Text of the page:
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Creating an Animated Progress Bar in Axure

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Brian Matis
Product Manager. Photographer. Runner. Gamer. Mostly human.

Introduction

In this tutorial, I'll explain how to create an animated progress meter in a wireframe prototype developed using Axure RP 7.0 - a leading prototyping tool for designing web sites and software. (For more information about Axure and getting started with it, check out: http://www.experts-exchange.com/Web_Development/Software/A_17344-Setting-Up-Basic-Interactions-in-Axure.html)

Here's a sneak preview of what you'll be building:

axureTutorial-done2.png
Please note that this tutorial does require the use of Axure 7.0 or later, which introduced the "Set Panel Size" action that the method used here relies upon.
 

Part 1: Creating the Basic Wireframe


1.) Add a rectangle to the page and resize it to be the full shape of the progress bar. This will act as the outline of the meter. (Take note of the width of this rectangle, you'll need to know it later on. I set mine to 400 pixels.)
axureTutorial-1-1.png
Protip: I highly recommend giving descriptive names to all the objects you create in any Axure prototype. While it doesn't matter much in a page with very few objects, these things quickly pile up and when you're setting up actions, figuring out which object in your list to perform the action on is really difficult if nothing has a label! You do this by entering a value in the Name field of the Widget Interactions and Notes pane for each object.

2.) Duplicate the rectangle created in Step 1, but give it a color fill. This rectangle will act as the filled-in portion of the progress bar.
axureTutorial-1-2.png
3.) Convert the filled-in rectangle to a Dynamic Panel. You can do this by right-clicking on it and choosing Convert to Dynamic Panel from the menu.
axureTutorial-1-3.png
4.) Position the Dynamic Panel directly over top of the progress bar outline rectangle. To help make it clearer in the static wireframe that this is a progress meter, resize the Dynamic Panel to only partially fill the outline.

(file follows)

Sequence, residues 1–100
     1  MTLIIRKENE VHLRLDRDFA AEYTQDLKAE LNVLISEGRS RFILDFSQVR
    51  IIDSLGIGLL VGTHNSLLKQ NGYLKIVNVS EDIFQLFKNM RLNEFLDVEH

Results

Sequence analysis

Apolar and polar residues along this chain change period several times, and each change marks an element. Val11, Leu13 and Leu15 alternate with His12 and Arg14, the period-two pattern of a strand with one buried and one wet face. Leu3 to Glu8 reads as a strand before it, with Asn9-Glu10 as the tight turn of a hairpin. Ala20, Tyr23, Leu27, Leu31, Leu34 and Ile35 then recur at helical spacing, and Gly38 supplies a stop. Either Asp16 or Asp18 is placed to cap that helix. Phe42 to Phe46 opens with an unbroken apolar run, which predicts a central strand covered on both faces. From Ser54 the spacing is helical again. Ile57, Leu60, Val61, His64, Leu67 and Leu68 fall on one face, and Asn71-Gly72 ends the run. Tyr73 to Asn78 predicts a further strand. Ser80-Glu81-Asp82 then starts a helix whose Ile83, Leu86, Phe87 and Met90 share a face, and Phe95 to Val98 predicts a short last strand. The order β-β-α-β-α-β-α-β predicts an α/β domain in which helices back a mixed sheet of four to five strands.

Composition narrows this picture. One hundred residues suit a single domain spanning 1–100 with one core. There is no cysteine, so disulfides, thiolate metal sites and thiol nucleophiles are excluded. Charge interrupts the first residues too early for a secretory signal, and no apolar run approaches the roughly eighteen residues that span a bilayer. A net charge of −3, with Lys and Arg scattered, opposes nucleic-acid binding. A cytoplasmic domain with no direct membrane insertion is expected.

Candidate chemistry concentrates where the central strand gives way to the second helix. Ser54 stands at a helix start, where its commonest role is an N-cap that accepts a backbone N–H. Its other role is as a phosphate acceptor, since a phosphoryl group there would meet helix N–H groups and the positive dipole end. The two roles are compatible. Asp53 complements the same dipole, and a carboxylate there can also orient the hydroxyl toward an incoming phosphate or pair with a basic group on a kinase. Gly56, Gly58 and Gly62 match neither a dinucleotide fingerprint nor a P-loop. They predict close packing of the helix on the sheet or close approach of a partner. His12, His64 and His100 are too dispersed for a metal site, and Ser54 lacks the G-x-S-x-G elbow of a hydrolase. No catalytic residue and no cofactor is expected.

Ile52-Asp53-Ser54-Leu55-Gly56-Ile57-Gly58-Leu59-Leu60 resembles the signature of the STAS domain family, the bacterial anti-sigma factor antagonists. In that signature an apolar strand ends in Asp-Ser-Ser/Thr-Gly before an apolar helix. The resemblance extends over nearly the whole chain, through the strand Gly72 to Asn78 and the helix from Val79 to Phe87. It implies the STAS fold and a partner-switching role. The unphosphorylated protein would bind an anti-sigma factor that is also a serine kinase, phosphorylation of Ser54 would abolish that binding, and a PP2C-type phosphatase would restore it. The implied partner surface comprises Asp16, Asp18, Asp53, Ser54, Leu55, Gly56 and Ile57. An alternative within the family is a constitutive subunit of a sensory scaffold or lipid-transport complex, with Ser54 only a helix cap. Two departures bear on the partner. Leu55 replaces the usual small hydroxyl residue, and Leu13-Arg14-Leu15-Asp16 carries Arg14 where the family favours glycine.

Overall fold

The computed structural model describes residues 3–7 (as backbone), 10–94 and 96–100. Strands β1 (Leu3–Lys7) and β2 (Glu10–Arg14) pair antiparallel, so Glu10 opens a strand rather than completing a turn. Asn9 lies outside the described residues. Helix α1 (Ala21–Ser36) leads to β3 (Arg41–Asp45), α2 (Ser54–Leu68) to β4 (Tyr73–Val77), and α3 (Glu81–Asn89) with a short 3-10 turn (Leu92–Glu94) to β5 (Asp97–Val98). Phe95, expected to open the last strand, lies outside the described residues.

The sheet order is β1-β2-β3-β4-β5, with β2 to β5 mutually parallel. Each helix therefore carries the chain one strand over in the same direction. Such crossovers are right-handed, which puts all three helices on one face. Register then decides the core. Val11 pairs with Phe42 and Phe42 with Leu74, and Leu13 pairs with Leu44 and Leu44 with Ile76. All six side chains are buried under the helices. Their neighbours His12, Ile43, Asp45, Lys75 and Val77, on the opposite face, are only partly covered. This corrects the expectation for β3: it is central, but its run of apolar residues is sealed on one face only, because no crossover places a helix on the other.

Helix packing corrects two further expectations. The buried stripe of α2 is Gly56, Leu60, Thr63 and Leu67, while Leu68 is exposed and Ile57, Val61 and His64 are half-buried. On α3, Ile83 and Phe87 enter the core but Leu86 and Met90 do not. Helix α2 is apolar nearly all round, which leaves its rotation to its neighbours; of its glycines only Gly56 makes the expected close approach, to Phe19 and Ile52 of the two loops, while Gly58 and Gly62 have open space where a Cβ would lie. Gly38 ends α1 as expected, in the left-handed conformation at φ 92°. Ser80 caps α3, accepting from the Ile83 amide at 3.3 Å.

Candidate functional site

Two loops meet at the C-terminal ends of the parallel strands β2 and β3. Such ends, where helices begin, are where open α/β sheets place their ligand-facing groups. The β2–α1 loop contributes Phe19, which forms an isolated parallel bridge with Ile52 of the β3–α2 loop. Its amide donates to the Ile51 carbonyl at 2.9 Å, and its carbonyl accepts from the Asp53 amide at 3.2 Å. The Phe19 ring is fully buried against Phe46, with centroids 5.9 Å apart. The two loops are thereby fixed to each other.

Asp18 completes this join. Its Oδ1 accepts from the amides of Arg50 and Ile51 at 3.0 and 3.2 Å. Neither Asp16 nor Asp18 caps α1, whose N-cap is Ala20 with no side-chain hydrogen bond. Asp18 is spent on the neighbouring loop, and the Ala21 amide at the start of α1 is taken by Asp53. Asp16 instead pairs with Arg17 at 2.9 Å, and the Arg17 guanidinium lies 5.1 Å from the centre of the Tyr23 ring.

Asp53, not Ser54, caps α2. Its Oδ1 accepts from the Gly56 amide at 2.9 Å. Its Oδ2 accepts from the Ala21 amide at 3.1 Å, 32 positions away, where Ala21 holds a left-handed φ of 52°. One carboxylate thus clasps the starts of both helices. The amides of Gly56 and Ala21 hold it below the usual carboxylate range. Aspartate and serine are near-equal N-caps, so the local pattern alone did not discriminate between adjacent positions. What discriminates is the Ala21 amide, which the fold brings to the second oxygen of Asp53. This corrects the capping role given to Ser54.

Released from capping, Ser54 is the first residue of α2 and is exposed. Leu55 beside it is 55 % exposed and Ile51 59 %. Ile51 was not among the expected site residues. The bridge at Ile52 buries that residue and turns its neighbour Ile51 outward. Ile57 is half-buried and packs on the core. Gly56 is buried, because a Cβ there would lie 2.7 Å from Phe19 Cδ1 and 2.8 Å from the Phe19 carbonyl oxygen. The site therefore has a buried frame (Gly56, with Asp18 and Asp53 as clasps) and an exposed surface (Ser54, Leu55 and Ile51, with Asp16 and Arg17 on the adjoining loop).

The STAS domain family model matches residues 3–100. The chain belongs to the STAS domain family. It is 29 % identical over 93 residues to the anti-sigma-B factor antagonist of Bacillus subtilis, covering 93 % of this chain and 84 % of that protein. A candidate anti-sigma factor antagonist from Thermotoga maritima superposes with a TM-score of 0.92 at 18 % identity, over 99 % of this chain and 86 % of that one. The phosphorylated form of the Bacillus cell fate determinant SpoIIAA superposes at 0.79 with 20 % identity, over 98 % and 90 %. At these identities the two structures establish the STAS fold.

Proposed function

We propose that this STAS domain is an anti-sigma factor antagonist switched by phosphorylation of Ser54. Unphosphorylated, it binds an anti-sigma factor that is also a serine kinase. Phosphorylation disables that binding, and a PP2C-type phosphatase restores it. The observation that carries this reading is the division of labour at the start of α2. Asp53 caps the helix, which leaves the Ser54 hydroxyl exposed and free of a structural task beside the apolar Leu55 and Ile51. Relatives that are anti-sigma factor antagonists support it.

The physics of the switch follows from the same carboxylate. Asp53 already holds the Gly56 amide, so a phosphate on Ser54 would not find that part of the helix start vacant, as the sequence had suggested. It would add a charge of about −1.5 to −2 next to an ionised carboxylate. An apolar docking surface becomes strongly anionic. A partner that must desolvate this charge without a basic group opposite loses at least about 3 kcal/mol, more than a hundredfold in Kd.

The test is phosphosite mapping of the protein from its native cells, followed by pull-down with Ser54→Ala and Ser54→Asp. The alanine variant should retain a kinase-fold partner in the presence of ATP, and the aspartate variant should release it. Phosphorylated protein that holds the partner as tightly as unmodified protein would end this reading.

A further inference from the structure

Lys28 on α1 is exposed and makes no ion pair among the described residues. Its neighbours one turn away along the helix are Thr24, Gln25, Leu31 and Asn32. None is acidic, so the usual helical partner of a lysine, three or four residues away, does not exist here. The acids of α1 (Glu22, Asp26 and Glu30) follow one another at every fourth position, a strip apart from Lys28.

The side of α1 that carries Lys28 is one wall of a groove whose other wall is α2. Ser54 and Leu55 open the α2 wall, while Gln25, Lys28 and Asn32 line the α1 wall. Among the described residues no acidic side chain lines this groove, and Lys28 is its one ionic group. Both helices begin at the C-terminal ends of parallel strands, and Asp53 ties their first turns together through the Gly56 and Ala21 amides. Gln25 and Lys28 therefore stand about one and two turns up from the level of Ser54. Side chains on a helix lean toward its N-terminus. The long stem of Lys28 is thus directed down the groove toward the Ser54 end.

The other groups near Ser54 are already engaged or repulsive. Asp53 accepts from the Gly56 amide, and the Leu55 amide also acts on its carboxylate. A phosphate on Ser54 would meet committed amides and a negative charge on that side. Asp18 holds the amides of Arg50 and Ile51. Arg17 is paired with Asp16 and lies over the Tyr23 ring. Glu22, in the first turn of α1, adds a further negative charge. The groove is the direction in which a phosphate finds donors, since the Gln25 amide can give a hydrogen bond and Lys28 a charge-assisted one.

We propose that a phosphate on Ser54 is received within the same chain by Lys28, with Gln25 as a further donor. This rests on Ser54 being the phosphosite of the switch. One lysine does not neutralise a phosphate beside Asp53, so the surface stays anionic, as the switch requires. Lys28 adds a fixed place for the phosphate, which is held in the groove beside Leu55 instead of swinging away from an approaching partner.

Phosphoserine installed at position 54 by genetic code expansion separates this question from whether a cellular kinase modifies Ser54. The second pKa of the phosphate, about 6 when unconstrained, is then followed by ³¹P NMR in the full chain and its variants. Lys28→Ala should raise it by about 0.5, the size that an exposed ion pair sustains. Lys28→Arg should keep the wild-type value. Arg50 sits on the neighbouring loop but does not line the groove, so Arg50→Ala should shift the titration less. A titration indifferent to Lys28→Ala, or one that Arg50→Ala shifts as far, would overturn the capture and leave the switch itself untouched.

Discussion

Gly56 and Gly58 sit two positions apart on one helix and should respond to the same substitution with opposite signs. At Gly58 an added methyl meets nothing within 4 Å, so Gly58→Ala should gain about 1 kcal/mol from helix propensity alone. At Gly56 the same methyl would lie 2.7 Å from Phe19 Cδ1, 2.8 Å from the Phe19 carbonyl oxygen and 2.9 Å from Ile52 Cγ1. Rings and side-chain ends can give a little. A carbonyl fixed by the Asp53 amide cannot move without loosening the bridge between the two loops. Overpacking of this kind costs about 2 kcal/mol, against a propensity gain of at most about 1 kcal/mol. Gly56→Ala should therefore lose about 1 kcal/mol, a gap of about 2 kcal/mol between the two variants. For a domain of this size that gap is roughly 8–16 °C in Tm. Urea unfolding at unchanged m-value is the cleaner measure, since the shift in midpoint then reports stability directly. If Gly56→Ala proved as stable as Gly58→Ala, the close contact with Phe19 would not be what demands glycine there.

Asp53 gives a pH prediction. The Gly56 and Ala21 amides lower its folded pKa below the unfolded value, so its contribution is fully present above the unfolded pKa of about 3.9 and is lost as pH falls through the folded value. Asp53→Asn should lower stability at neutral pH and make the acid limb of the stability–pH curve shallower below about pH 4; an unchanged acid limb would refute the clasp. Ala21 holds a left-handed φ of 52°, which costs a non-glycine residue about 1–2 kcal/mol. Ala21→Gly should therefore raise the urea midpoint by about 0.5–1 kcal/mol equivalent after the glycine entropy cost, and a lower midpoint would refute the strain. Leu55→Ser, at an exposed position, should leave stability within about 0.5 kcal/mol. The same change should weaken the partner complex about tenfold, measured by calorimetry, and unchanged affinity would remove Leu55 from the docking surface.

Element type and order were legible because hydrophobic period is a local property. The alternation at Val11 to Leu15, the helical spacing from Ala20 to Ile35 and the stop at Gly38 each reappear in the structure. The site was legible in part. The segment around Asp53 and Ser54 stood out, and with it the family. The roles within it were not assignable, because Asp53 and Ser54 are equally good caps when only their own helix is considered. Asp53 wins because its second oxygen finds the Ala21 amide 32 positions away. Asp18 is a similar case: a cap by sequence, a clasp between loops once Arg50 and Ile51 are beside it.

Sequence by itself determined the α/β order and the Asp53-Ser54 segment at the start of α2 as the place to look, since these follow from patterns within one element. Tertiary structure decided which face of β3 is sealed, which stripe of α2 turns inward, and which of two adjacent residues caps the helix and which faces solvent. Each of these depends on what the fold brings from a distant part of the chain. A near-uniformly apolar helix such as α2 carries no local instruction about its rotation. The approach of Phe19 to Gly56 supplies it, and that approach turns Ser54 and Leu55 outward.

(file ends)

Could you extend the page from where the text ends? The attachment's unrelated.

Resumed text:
axureTutorial-1-4.png
5.) Add a button to the page, which you'll use to trigger the animation of the progress bar filling up.
axureTutorial-1-5.png
6.) Preview the prototype in your web browser by either going to the Publish menu and choosing Preview, or hitting the F5 key. The resulting prototype won't really do anything, but that's ok, we're just verifying that we've got the basic wireframe layout in place.
axureTutorial-1-6.png 

Part 2: Animating the Progress Meter


1.) Select the button you created at the end of Part 1. In the Widget Interactions and Notes pane, select the Interactions tab and then double-click the OnClick event.
axureTutorial-2-1.png2.) In the Add Actions list on the left, under the Dynamic Panels section, choose the Set Panel Size action.
axureTutorial-2-2.png3.) Now, in the Configure Actions section on the right, check the box for the Dynamic Panel you created to use as the Progress Meter Fill. (And as you can see in the screenshot below, I gave mine the convenient name of "Progress Bar Fill". If I had a lot of Dynamic Panels on the page, it'd be easier to pick this one out as a result.)
axureTutorial-2-3.png4.) Set the Width value to the full width of the progress bar's outline. (Which you noted in Step 1 of Part 1, remember? Mine had been set to 400 pixels.)
axureTutorial-2-4.png5.) From the Animate dropdown, select Linear and give it a time value that you'd like to use. (I wanted mine to take 5 seconds, so I set the time to 5000ms.)
axureTutorial-2-5.png6.) Hit the OK button to confirm the new action and close the window.

7.) Finally, we need to make sure that the progress meter starts off in the unfilled state, so in the Page Properties pane, go to the Page Interactions tab and double-click the OnPageLoad event. Follow the same steps as 3 & 4, but this time, set the Width value to 0 (and don't give it an Animation.)
axureTutorial-2-7-2.png8.) Preview the prototype in your web browser. This time, the progress meter will start out unfilled. Upon clicking the button, the meter should now fill up, taking as long as you set in step 5.


Part 3: Adding Progress Text